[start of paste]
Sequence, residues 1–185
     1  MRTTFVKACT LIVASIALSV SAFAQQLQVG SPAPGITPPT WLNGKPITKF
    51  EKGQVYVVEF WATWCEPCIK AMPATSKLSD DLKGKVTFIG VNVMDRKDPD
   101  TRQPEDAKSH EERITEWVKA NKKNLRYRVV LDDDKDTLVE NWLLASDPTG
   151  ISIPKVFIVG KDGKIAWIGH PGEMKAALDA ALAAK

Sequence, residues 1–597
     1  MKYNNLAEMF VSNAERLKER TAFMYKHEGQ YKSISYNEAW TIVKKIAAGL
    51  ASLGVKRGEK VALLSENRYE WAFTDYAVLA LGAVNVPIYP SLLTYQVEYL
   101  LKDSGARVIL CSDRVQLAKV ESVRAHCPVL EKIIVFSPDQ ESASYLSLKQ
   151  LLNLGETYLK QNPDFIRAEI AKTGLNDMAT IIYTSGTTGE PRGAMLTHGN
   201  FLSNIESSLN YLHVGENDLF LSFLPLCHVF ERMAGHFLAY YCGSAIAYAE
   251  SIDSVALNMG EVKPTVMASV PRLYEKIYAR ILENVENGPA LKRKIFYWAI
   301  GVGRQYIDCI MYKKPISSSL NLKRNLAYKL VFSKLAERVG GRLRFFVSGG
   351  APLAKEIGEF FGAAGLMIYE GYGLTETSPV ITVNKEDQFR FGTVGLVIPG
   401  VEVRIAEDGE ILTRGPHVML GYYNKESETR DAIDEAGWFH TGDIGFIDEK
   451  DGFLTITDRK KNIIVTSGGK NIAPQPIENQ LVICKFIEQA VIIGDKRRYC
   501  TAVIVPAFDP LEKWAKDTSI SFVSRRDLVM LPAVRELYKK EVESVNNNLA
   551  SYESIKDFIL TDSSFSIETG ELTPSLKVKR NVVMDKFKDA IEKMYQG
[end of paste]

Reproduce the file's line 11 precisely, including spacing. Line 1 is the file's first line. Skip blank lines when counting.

   201  FLSNIESSLN YLHVGENDLF LSFLPLCHVF ERMAGHFLAY YCGSAIAYAE